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2019 State-of-the-City

What You Missed In The 2019 State-Of-The-City Speech

“The great enemy of the truth is very often not the lie…but the myth, persistent, persuasive and unrealistic.”

—John F. Kennedy

2019 State-of-the-City Address

Mayor Matt LaVere filled his 2019 State-of-the-City address with images of a utopian Ventura. Unfortunately, it lacked specifics on addressing Ventura’s most pressing issues.

The mayor laid out his seven goals for 2019-2020. His vision included several goals that his predecessors didn’t achieve. Six of the seven were unmeasurable. What’s more, many goals are mere rhetoric and very little substance.

VENTURA’S HOMELESS CENTER

2019 State-of-the-City AddressTopping the mayor’s list of priorities was opening a permanent, full-service homeless shelter by December 31, 2019. The date gives this goal specificity. Opening the center doesn’t begin to solve the problem, though. Mayor LaVere and the City Council equate opening a homeless center with improving Ventura’s homeless situation. They are not the same thing.

Homelessness has risen the past three years to 555 persons from 300 in 2016. In that time, the city has increased spending on the homeless. The problem continues to grow despite spending more tax money to solve it.

The Council and city government are hoping the new homeless shelter will stem the tide. A closer look at the facts, though, shows their hope is not well-founded. There will be 55 beds, and it will cost Ventura $712,000 per year. Filling every bed will still leave 500 homeless persons on the street. The shelter will serve only10% of the homeless population.

2019 State-of-the-City AddressWhat’s more, the City Council conflates opening the center with helping the homeless. The goal shouldn’t be to have beds available. That’s an intermediary step. The goal should be to get the homeless off the street and return them to a healthy way of life.

The real solutions to homelessness—a very complex problem—was missing from Mayor LaVere’s vision. There are examples of successful programs in other cities. Looking at successful programs, like the one in Providence, Rhode Island, would be a step in the right direction.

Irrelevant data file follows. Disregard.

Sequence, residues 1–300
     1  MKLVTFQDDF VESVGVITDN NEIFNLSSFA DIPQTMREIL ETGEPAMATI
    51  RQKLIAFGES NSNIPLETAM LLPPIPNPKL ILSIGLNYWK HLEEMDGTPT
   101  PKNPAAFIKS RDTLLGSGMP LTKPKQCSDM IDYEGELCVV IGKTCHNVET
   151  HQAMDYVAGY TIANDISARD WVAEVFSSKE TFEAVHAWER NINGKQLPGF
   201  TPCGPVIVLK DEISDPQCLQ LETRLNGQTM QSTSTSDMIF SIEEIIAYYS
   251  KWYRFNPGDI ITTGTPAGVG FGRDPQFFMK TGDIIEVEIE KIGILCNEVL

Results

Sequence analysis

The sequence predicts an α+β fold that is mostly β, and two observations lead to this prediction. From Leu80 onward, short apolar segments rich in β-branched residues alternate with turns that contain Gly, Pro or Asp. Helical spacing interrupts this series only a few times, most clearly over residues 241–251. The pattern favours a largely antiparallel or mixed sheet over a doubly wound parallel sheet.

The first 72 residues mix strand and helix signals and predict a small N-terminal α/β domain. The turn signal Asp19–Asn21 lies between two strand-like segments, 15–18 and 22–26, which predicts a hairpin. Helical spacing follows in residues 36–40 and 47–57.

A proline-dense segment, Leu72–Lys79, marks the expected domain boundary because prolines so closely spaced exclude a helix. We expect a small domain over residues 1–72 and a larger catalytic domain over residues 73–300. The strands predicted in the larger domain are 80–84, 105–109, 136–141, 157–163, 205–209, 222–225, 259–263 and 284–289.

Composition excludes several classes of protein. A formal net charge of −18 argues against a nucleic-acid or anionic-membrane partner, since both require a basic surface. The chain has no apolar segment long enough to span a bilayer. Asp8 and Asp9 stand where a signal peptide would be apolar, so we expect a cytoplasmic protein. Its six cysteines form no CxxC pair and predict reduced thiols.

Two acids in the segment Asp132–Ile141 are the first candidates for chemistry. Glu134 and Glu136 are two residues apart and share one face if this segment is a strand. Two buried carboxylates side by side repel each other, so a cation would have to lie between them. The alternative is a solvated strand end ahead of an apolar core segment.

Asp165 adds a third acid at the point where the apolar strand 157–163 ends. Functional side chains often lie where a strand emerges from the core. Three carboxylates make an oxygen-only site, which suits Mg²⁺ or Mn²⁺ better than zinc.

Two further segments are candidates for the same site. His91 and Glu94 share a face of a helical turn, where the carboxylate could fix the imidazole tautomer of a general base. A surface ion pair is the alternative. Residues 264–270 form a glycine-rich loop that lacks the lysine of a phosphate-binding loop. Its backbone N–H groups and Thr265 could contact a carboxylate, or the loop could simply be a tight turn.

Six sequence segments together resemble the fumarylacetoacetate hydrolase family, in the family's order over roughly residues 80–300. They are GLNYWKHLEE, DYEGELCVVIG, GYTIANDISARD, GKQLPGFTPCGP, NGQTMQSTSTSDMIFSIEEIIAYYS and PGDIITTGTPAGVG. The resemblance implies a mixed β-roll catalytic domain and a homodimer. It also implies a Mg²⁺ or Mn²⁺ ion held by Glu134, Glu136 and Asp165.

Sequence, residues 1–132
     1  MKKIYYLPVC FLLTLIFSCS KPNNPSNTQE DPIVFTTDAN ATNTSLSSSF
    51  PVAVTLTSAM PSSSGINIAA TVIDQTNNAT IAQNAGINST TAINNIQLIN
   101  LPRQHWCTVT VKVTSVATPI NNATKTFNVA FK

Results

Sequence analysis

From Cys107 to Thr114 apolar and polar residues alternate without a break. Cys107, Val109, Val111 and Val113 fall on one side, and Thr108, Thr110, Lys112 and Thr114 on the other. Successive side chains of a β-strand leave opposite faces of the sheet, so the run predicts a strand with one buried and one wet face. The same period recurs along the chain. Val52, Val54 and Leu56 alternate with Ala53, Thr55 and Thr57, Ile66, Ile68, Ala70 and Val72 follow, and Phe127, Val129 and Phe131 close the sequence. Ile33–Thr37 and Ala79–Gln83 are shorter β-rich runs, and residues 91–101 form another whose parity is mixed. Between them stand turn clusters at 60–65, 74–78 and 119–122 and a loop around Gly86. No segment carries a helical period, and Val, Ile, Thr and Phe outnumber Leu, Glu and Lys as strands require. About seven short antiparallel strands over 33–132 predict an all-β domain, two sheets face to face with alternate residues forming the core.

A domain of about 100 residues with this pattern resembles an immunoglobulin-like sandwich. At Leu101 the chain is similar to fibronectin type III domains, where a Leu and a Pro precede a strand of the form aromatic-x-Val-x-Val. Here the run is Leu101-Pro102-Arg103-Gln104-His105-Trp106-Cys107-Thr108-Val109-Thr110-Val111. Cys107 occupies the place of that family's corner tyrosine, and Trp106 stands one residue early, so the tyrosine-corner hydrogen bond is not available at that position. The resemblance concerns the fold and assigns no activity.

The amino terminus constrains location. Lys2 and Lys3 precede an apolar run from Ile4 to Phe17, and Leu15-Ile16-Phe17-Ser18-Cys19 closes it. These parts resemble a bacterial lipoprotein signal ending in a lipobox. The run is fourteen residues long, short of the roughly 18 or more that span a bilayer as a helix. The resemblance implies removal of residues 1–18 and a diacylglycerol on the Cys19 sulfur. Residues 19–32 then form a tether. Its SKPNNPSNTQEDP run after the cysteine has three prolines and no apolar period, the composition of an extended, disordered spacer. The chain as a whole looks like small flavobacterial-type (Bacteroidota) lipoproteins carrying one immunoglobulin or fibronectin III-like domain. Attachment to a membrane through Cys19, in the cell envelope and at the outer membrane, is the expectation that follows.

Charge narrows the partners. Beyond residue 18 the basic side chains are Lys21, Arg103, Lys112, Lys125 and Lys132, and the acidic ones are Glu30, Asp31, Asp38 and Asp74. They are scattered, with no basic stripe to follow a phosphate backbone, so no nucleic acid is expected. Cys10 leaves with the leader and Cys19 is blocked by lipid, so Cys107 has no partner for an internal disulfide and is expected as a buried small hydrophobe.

UPDATE THE GENERAL PLAN

The second goal was to reinitiate the General Plan update. Ventura city government will conduct public outreach throughout 2019. Other than holding several long-overdue citizen input meetings, the outcome will be unmeasurable.

The city must try new, innovative ways to reach citizens. Otherwise, it will miss valuable input. Young people are most likely to be underrepresented. Our younger citizens are generally absent from public meetings. Yet they will live with the consequences of the General Plan.

The mayor and City Council are relying upon the voters to be content that the city was doing the outreach.

ECONOMIC DEVELOPMENT

2019 State-of-the-City Address

The third goal is to create a comprehensive economic development strategy. The strategy would include several key focus areas, including:

  1. Auto Center and Focus Area 1
  2. The Johnson Drive corridor. Mayor LaVere cited the North Bank Apartment project as an example.
  3. Front Street. The mayor wants to turn it into Ventura’s version of Santa Barbara’s Funk Zone.

Missing from the address is the vital fact that economic development begins with other people’s money. It takes investors willing to put up the capital to improve the business environment. How will the City of Ventura invite and welcome investors who want to start or move their business in Ventura?

Santa Barbara’s Funk Zone succeeds because the city made it easier to rebuild in the area. Developers lament that Ventura’s city government makes it difficult to do business. Stifling regulations, fees and planning delays force investors to look elsewhere. The new economic development plan should have one single goal to stimulate growth. Force the city to review, streamline or remove building codes and regulations wherever possible.